Pain as my teacher

Stephen Gaskin, cofounder years ago of a commune in Tennessee called The Farm, once said the degree to which one is enlightened is revealed by what one says when one hits one’s thumb with a hammer. Metaphorically, even literally, that hammer threatens all of us: divorce, termination of employment, violence, illness, and a host of other disruptions confront our lives. We wrestle with each other, contrary needs vying for primacy. We crash, at full throttle, into the walls of our limitations and those of others. Death, metaphorical or literal, sooner or later leaves an impact on our lives. Even in the best of cases, you will fight with your beloved, need to discipline the children you adore as they test their emerging wills, confront employment agreements no longer agreeable. When things are fine, we can convince ourselves that we are, too.

In pain, we find a deeper truth. Pain is unavoidable. So we must find a way of dealing.

In yoga class, although some are young and lithe, most of us are either aging, poundage-impaired, or feeling the effects of our interesting pasts. We breathe into the slowly outstretched arms, the quivering leg upon which we hold a shaky balance (or not hold, as the case may be). Our bodies are riddled with the remnants of our memories. Occasionally, emotions arise and surprise us. This, I think, is the beauty of yoga, that regardless of presumed peace of mind, that the strain of the pose reveals what’s REALLY going on inside. It is so temping to stop the pose, to rest before the minute is up. For most of us, this one hour marks the only time in the day that we cannot be distracted. Our bodies demand our complete attention. In finding the fine edge between effort and overwhelm that we are invited to breath into our discomfort with compassion for our selves – and so befriend the discomfort that will result not only in greater strength and flexibility, but a calmer mind. I recall once being in a very stressful pose, Warrior 1, and noted suddenly in the midst of strain and grunt that I actually felt…joy?! Total surprise.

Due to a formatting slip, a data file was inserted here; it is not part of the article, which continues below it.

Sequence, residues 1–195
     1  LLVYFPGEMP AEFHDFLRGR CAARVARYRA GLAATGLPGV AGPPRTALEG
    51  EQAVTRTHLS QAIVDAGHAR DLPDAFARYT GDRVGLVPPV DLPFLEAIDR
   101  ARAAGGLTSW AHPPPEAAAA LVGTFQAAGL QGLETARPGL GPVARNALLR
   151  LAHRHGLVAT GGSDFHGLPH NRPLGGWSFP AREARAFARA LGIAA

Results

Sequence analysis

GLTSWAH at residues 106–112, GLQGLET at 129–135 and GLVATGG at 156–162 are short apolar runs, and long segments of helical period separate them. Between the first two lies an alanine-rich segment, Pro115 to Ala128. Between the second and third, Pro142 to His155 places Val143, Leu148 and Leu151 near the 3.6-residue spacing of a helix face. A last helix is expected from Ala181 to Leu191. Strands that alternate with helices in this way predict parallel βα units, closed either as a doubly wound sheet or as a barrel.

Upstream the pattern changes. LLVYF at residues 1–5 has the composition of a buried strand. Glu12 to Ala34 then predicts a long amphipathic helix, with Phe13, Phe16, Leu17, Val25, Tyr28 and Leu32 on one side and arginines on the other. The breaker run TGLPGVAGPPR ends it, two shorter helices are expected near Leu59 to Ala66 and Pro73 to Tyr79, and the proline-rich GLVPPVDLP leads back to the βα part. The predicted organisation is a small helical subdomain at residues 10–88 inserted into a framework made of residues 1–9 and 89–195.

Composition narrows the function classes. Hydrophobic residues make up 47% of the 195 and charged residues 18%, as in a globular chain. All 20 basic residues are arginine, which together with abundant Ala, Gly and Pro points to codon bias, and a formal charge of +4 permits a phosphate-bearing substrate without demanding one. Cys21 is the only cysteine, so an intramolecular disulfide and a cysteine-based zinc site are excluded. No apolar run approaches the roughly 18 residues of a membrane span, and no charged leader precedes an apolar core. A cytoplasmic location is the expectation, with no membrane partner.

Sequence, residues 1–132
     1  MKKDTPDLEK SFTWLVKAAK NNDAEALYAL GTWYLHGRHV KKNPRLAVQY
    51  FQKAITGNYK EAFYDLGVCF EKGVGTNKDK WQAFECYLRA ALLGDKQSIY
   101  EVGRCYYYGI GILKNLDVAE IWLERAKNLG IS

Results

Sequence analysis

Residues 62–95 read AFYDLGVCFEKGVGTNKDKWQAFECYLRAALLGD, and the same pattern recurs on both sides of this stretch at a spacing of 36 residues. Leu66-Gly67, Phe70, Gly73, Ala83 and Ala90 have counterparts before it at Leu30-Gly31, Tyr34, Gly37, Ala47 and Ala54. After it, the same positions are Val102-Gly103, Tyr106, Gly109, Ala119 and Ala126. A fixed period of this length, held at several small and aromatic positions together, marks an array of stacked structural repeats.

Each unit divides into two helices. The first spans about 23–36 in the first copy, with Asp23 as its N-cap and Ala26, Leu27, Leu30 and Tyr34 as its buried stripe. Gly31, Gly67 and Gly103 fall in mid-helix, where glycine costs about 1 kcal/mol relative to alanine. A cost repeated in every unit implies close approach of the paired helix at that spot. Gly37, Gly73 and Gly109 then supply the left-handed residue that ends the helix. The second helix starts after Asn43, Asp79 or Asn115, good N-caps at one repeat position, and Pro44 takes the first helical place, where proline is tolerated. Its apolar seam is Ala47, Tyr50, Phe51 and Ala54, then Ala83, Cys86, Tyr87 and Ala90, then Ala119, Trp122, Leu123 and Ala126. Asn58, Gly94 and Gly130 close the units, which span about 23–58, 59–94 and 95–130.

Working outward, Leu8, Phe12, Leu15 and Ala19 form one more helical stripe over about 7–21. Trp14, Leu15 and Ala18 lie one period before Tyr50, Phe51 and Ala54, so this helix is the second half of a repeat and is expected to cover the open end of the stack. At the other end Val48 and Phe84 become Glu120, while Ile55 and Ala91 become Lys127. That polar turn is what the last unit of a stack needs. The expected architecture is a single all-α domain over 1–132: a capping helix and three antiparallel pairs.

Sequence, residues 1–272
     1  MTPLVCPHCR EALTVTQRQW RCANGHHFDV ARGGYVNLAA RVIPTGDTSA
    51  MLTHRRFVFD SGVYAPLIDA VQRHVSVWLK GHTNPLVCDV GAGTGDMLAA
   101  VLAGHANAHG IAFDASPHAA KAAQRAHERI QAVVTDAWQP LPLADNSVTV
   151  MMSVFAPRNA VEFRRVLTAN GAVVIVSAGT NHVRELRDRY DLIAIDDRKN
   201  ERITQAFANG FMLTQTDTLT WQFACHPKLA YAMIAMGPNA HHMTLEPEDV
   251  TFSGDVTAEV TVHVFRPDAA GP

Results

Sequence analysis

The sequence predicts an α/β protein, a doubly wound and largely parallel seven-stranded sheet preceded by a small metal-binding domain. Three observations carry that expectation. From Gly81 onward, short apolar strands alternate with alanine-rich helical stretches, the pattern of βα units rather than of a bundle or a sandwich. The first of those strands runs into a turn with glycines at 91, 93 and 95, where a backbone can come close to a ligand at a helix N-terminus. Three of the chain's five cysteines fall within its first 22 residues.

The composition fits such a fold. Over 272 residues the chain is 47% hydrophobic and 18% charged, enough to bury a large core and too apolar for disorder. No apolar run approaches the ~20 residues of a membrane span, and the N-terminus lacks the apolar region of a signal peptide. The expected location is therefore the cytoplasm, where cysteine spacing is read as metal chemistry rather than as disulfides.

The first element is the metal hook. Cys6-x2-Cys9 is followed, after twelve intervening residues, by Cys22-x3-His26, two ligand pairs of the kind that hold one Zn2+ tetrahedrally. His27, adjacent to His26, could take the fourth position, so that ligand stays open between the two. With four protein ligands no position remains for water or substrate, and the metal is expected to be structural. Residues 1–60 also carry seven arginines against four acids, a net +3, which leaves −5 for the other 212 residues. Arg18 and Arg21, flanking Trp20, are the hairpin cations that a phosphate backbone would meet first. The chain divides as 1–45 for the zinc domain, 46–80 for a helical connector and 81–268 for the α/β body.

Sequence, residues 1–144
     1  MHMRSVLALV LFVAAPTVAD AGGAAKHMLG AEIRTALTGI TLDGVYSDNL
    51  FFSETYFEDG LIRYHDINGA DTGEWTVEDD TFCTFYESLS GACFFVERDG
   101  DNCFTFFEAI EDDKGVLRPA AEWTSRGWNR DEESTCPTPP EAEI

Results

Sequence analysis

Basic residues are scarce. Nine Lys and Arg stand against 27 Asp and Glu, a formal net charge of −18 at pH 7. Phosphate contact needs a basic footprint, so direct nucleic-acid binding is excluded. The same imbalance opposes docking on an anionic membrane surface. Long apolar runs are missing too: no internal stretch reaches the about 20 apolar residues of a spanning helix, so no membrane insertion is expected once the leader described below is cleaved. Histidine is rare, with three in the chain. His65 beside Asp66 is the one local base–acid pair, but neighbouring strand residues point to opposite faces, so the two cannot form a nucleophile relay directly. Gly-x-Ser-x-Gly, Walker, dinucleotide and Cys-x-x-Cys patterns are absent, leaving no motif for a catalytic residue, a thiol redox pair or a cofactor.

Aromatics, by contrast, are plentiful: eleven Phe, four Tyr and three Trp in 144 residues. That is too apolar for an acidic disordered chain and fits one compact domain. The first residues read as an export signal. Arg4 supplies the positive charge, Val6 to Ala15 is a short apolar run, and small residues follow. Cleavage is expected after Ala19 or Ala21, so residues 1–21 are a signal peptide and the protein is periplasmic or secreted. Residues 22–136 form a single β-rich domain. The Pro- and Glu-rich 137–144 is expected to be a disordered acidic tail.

HOMEWORK: If you practice yoga or some other form of challenging exercise, notice where you mind goes – does it move to judgment? Does a strange pervasive anger flash, resulting in a wave of heat, or does sadness, heart-ache (literally), even self-pity arise? Or do you find a sudden bliss arising? Observe how resistance shows you become impatient, start thinking of “more important” things to do, hurry through the difficult poses. Allow your curiosity to be your friend in these observations.

This is the second of a three-part series on “Resistance to Pain.” Next week: “Mastering Pain: What’s Next?”

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